Whether it’s chance or fate, this World War II veteran has just had the surprise of a lifetime thanks to a coincidental find at a thrift shop. Ilene Ortiz was doing some thrift shopping one day when she stumbled across a letter that was tucked inside an old record. After reading the emotional letter, Ilene knew she had to do what she could to find the man who wrote it.
When the letter reached its author, the man immediately broke down in tears. That man was Bill Moore, 90, who served in the war with Patton’s Third Army in Europe. He originally wrote the letter to his eventual wife, Bernadean Gibson, 70 years ago. While Bill read the old letter he couldn’t help but laugh through the tears.
The letter read: “My darling, lovable, alluring, Bernadean, I ran out of space, but I could have written a lot more adjectives describing you. You are so lovely, darling, that I often wonder how it is possible that you are mine. I’m really the luckiest guy in the world, you know. And you are the reason, Bernadean. Even your name sounds lovely to me.”The letter had been written in 1945. Little did anyone know, the two would spend the next 63 years married and raising children together.
Bill commented on the letter saying, “When you’re apart for the reason, not knowing if and when you’d ever see that person again, every chance you got to communicate was just wonderful.”
An incredibly heartwarming reminder was also a little bittersweet for the gentlemen. It served as a reminder of their love but also as a more somber reminder of his wife’s fairly recent passing in 2010.
“It’s difficult talking out loud about it to other people,” he said. “But I loved her, and she loved me. That’s all I can tell you. It’s a heartache not being with her all the time,” Bill explained.
Ortiz found the letter in a record cover after a purchase at her local thrift store. She contacted the local news hoping they would help in her search for the family connected to the letter. She then was lead to Melinda Gale, 48, one Bernadean and Bill’s daughters. When she read the note addressed to her deceased mother, she couldn’t hold back the tears.She claims the flowery language her father used is far from anything she would have expected from him. She said, “My hands were shaking when I finished reading it.”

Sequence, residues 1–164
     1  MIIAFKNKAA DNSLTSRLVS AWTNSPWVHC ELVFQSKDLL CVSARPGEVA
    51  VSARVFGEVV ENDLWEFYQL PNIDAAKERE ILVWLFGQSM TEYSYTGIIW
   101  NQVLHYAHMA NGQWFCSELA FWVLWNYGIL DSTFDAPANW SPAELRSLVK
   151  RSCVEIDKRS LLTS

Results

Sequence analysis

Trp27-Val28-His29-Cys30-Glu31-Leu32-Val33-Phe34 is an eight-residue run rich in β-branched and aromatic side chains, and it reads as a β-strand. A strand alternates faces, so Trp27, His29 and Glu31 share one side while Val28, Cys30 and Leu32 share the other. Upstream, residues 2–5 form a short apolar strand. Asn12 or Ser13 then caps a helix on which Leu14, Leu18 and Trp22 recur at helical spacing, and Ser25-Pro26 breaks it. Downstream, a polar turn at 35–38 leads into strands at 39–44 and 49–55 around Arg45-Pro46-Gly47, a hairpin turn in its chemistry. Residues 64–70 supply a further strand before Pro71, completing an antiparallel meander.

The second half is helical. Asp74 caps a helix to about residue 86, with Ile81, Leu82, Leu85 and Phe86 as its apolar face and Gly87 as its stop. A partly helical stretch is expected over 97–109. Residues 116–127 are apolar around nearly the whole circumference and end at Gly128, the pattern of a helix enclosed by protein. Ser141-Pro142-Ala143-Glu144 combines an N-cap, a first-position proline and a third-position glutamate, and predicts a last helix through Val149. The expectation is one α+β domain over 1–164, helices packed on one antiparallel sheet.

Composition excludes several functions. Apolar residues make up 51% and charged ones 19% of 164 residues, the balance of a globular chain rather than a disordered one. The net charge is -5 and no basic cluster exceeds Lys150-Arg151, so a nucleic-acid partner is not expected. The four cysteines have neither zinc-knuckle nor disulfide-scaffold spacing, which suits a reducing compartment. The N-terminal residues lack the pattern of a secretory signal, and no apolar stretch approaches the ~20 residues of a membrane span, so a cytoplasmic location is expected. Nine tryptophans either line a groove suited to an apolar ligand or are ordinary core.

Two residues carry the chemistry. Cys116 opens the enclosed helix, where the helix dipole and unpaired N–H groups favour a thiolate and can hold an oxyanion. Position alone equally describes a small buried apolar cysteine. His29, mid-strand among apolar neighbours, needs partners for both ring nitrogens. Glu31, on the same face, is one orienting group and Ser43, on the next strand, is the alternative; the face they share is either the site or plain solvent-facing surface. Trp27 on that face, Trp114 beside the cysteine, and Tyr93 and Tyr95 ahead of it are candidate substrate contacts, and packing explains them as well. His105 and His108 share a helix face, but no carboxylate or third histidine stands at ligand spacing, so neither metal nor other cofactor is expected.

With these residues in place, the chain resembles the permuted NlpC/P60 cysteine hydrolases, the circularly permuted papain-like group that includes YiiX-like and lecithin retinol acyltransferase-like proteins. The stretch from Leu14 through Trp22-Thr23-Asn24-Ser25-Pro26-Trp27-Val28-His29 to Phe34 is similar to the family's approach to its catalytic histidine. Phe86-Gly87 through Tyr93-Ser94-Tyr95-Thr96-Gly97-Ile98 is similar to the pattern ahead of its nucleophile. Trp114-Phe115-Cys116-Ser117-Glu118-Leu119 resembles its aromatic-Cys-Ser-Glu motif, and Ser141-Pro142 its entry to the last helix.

“It truly was a window into how deep their love was. And obviously, they were married for almost 63 years. We knew they loved each other very, very much, but as children, you don’t see that. Where it came from, that deep connection, and this was a window into their story. He was a mechanical engineer. I cannot believe he shared these deep emotional words with her,” Melinda stated.
Melinda and her sister Gale had always had a fascination with the service their father gave during the war. They even planned a special trip to see the places he’d been.
“Mom had never gotten to see everywhere he had been. We did this amazing trip so I can picture exactly where he was on December 29, 1944, sitting in this miserable, cold, dark forest in the northern region where France, Germany, and Belgium all meet.”
Trying to explain the placement of the letter, Gale believes her mother put it there for safekeeping since it meant so much to her. The woman who found the letter can’t remember which record it was in but Gale has a pretty good idea which one it may have been.She explains that her mother’s song dedicated to her father was “I’ll be Seeing You” from the Broadway musical, Right This Way.